Honeybees suffer learning difficulties after ingesting tiny quantities of pesticides, study finds

Substance harmful to the insects commonly used around the world

Honeybees can suffer from “severe” learning difficulties and memory problems after ingesting tiny quantities of a type of pesticide, new research indicates.  

Bees studied at the University of Otago, in Dunedin, New Zealand, were affected by levels of the pesticide chlorpyrifos that are classified as “safe".

Researchers believe the effects have the potential to threaten the success and survival of the species.

The study tested honeybees in outdoor hives and laboratory conditions.

A total of 51 bees were collected from 17 locations across the province of Otago in Southern New Zealand.

Low levels of pesticide were present in bees from six hives at three of the sites.

Similar levels of chlorpyrifos were then administered to honeybees in a laboratory. The bees were then subject to learning performance tests.  

The bees which ingested chlorpyrifos were found to fare poorly in tests designed to measure odour learning and recognition.

Study lead author Dr Elodie Urlacher said: “The dosed bees were less likely to respond specifically to an odour that was previously rewarded.” 

Dr Ulkacher expressed concern that this could threaten the survival skills of honeybees.

“As honeybees rely on such memory mechanisms to target flowers, chlorpyrifos exposure may be stunting their effectiveness as nectar foragers and pollinators," she said.

The study also found the minimum amount of pure chlorpyrifos that needs to be ingested to have an effect on learning and memory is 50 picograms (0.05 nanograms) of chlorpyrifos per bee.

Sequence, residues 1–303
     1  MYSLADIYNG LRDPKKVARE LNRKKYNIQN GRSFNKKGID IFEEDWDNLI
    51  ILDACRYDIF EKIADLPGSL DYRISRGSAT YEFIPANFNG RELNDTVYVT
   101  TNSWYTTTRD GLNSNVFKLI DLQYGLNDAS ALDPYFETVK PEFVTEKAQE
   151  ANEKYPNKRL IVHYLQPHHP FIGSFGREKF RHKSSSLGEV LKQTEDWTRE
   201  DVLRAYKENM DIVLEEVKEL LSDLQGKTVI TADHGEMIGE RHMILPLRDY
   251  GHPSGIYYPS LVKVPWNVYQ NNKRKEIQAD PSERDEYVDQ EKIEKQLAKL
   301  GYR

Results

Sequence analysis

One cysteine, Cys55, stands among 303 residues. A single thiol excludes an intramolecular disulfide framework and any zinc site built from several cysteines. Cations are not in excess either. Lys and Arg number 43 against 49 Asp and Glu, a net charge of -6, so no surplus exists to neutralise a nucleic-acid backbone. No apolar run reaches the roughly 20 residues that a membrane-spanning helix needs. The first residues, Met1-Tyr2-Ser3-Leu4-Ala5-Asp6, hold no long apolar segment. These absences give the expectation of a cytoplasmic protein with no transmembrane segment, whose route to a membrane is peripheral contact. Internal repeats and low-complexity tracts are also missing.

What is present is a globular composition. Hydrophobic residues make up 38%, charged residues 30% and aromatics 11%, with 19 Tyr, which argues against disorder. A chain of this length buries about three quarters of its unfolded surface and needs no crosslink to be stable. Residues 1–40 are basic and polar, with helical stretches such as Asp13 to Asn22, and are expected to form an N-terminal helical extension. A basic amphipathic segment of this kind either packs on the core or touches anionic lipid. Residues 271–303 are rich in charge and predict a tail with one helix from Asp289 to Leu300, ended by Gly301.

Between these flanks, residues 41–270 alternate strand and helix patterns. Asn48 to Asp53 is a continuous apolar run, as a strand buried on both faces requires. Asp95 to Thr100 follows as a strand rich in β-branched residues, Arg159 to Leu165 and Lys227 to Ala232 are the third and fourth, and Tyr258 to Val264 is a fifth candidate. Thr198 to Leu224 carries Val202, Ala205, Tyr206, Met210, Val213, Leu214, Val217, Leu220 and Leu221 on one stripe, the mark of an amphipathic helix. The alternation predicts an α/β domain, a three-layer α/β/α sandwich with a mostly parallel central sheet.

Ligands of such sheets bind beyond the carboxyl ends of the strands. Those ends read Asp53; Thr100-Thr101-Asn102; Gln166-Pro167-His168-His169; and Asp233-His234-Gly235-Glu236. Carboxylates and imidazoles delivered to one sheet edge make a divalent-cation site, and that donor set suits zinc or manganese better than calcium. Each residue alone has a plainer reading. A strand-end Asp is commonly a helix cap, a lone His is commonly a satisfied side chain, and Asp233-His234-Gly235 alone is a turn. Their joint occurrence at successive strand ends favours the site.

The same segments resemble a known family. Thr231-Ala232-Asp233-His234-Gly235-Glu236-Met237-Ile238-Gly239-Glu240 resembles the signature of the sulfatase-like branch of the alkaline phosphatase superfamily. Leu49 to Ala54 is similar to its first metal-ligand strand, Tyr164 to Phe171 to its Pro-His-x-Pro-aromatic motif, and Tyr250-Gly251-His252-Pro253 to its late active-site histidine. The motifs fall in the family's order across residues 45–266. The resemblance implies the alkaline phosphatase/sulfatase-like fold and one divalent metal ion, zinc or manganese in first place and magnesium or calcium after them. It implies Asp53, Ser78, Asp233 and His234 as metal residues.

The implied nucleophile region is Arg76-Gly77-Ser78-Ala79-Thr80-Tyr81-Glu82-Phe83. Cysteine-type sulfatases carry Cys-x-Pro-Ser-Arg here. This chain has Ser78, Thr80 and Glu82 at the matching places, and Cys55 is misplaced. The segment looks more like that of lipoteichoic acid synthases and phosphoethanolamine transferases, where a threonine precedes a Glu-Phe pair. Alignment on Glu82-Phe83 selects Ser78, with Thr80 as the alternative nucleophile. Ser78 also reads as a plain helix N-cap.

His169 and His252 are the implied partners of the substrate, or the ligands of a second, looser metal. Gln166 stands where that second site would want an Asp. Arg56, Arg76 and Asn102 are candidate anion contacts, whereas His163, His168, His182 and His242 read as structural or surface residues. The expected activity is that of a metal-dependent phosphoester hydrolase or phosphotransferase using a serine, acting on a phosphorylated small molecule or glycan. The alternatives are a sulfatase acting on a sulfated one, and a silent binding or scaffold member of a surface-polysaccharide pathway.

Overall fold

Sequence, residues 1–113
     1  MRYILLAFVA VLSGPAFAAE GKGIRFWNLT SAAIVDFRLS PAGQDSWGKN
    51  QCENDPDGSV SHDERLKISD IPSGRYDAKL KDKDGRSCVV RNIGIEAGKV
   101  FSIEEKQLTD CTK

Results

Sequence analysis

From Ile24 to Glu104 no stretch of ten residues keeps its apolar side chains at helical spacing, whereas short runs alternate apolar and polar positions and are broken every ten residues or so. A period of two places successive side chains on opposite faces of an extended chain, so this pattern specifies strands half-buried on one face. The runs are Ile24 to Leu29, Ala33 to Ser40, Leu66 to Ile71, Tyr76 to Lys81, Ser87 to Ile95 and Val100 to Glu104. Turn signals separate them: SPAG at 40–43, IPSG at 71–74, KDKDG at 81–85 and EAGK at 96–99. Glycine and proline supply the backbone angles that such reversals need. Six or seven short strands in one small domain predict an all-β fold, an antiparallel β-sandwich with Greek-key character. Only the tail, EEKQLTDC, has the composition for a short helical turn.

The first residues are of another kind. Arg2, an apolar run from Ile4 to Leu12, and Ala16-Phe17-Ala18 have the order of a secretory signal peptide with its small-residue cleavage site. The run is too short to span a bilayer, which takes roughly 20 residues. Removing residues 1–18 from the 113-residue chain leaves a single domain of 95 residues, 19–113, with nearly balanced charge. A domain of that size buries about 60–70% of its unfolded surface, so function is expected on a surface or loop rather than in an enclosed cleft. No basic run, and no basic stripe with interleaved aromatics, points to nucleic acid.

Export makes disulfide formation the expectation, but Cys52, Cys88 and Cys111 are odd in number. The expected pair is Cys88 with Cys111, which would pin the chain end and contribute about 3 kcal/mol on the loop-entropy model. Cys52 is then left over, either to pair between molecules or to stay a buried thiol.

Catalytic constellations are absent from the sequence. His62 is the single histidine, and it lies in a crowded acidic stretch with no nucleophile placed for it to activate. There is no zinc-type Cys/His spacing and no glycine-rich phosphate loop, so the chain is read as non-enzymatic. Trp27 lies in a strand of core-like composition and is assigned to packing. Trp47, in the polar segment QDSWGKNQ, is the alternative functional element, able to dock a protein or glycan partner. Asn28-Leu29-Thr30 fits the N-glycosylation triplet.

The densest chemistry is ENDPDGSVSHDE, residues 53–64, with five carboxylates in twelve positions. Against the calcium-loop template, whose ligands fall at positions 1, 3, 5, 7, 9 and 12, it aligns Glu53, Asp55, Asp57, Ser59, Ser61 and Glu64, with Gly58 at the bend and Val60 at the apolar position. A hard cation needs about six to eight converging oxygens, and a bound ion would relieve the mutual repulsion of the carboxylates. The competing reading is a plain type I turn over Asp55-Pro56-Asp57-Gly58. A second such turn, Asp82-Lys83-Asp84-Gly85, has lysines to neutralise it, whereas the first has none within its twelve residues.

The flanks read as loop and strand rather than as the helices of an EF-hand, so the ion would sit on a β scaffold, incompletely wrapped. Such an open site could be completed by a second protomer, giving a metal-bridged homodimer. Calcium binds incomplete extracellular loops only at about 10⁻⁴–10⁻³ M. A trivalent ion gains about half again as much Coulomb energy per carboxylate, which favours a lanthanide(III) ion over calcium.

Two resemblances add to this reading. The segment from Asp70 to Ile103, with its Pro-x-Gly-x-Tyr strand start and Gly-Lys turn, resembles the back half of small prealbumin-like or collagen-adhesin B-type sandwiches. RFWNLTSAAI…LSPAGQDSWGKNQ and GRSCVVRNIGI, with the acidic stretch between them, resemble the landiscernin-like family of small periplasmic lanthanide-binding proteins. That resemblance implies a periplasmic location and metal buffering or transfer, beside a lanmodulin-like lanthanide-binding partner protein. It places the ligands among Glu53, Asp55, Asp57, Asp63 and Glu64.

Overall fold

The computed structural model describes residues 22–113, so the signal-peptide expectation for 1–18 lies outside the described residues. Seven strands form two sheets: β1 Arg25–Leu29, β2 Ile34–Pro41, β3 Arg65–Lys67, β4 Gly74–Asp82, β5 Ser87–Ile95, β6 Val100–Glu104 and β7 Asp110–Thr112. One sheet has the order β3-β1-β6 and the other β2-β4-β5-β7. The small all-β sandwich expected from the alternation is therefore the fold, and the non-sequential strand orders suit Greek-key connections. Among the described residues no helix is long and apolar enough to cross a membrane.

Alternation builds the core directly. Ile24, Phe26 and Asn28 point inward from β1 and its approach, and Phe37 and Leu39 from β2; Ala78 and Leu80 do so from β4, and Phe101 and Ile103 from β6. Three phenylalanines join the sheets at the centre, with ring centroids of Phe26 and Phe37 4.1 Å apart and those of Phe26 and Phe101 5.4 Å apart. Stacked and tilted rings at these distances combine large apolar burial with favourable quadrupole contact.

As low levels of chlorpyrifos are not likely to cause a short-term drop in the number of honeybees, in the longer run their survival skills may suffer, putting them at risk. 

"This amount is thousands of times lower than the lethal dose of pure chlorpyrifos, which is around 100 billionths of a gram. Also, it is in the low range of the levels we measured in bees in the field," Dr Urlacher said.

"Our findings raise some challenging questions about regulating this pesticide's use. It's now clear that it is not just the lethal effects on bees that need to be taken into account, but also the serious sub-lethal ones at minute doses." 

Chlorpyrifos is used globally to protect food crops against insects and mites, but has previously been crticised as harmful to the environment.  

In addition to bees, it has also been detected in water, plant samples and even the air.

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